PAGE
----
The Irish settled where employment was available. In the nineteenth century Lancashire, the west of Scotland, and London were the major regions of Irish settlement, though many Irish migrants were also found outside the large conurbations of Liverpool, Glasgow, and Manchester. From the mid-1930s on, the migrant flow was directed toward the midlands and southeastern England, principally London, reflecting the changes in employment location in twentieth-century Britain. The other obvious trend was the decline in the Irish population of Scotland. In 1841 nearly one-third of the Irish-born population in Britain lived in Scotland, but by 1991 the figure had declined to just 6 percent.
In contrast with most other migrations, men and women left nineteenth- and twentieth-century Ireland in roughly equal proportions. Until the 1860s more Irish women than men settled in Britain, but thereafter (until 1921) the position was reversed, though the overall differences were slight. From the 1920s to the early twenty-first century, Irish women have outnumbered Irish men in Britain. This is a reflection of the wide range of employment available for female migrants and the obvious shortage of similar jobs for women in Ireland.
Until 1921 Irish migrants could enter Britain without any hindrance, and visas or employment permits were not required. This remained the situation even after the end of the legislative union in 1921 and the foundation of the independent Irish state. Irish citizens, however, were required to have a visa during World War II and for a short period after the end of the war in 1945. In the context of restrictions on the entry of citizens from the "New" Commonwealth in the 1960s, that the Irish were excluded from legislation to control immigration is striking. Irish migrants could enter Britain as often as they wished and take up any form of employment. This special status was justified on the grounds of the long and close historical relationship between the two countries, though it was also perceived that because Irish migrants were white, they were unlikely to provoke racial tension.
The absence of expressions of a hyphenated identity by Irish migrants living in Britain, such as "Irish British" is in sharp contrast to the experience of Irish Americans in the United States. There is no obvious explanation for this, but the tangled and sometimes fraught political relationship between the two countries is one reason. Irish identity in Britain, however, was not monolithic, and it was shaped by religion, class, and the wider social environment. What marked Irish migrants as different from the British population, apart from their accents, cultural practices, and perhaps forms of dress, was adherence of the majority to Catholicism. The degree of attachment to some form of Irish identity varied among individual migrants. The Irish in Britain were mobilized in support of campaigns for Home Rule in the 1870s and 1880s, but they lacked the political focus that existed for Irish Americans in the late nineteenth and early twentieth centuries.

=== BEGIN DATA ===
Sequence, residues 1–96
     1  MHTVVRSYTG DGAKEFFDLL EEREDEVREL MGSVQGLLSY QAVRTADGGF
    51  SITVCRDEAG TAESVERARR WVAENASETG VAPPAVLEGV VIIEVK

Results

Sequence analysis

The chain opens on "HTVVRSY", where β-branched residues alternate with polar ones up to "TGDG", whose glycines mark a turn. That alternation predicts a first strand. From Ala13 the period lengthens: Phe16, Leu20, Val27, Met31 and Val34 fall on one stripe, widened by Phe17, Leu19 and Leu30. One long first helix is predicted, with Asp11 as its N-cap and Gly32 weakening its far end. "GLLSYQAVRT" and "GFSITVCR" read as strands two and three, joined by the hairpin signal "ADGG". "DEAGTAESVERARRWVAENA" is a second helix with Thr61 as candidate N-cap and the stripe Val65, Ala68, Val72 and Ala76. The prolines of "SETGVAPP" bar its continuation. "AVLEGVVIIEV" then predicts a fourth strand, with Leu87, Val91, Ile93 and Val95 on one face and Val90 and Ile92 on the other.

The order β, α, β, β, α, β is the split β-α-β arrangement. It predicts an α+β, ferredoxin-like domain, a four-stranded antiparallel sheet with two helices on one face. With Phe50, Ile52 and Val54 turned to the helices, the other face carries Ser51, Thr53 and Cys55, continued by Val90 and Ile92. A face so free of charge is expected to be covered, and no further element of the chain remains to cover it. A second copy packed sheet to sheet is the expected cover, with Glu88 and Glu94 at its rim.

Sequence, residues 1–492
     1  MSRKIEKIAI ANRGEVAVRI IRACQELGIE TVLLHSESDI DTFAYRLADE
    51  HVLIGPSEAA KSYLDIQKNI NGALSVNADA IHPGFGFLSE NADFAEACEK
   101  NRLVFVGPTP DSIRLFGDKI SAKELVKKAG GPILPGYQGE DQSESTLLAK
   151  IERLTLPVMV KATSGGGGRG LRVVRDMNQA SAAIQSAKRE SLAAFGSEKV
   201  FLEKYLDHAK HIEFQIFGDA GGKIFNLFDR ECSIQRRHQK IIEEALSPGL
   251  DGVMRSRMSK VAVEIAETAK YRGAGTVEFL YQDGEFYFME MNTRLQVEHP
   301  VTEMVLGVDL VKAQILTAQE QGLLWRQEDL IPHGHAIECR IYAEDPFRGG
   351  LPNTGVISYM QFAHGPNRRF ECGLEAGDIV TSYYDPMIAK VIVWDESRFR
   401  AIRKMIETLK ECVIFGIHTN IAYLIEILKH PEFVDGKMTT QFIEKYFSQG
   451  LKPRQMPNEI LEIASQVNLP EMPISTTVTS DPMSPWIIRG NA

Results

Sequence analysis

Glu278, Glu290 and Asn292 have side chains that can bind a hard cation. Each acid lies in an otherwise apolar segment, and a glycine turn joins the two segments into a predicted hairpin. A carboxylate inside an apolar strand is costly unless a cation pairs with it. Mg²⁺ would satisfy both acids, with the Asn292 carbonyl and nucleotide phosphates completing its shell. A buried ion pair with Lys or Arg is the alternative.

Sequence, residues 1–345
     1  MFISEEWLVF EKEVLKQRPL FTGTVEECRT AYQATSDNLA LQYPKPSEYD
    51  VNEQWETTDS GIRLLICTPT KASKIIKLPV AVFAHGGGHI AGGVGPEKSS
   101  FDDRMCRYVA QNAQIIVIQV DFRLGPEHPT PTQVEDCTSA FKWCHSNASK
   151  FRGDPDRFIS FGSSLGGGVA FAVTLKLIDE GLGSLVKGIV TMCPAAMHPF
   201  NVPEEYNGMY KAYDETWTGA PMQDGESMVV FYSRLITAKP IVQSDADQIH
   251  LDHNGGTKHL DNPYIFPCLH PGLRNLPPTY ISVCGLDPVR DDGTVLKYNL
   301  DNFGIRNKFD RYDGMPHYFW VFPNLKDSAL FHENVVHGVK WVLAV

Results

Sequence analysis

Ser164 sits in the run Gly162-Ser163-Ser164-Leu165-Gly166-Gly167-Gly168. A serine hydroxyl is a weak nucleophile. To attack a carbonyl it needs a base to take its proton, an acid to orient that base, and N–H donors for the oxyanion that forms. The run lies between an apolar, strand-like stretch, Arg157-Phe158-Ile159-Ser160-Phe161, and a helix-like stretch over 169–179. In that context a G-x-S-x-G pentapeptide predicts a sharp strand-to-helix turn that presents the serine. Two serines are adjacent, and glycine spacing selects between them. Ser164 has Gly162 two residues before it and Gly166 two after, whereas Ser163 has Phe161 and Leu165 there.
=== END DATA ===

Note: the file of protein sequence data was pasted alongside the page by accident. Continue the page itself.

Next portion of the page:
SEE ALSO Diaspora: The Irish in Australia; Diaspora: The Irish in North America; Migration: Emigration from the Seventeenth Century to 1845; Migration: Emigration from 1850 to 1960; Migration: Emigration and Immigration since 1950; Primary Documents: From Narrative of a Recent Journey (1847); "An Irishman in Coventry" (1960)
Delaney, Enda. Demography, State, and Society: Irish Migration to Britain, 1921–1971. 2000.
Devine, T. M., ed. Irish Immigrants and Scottish Society in the
Nineteenth and Twentieth Centuries. 1991.
Fitzpatrick, David. "'A Peculiar Tramping People': The Irish in Britain, 1801–70." In A New History of Ireland, vol. 5, Ireland under the Union (1801–1871), edited by W. E. Vaughan. 1989.
MacRaild, Donald M. Irish Migrants in Modern Britain, 1750–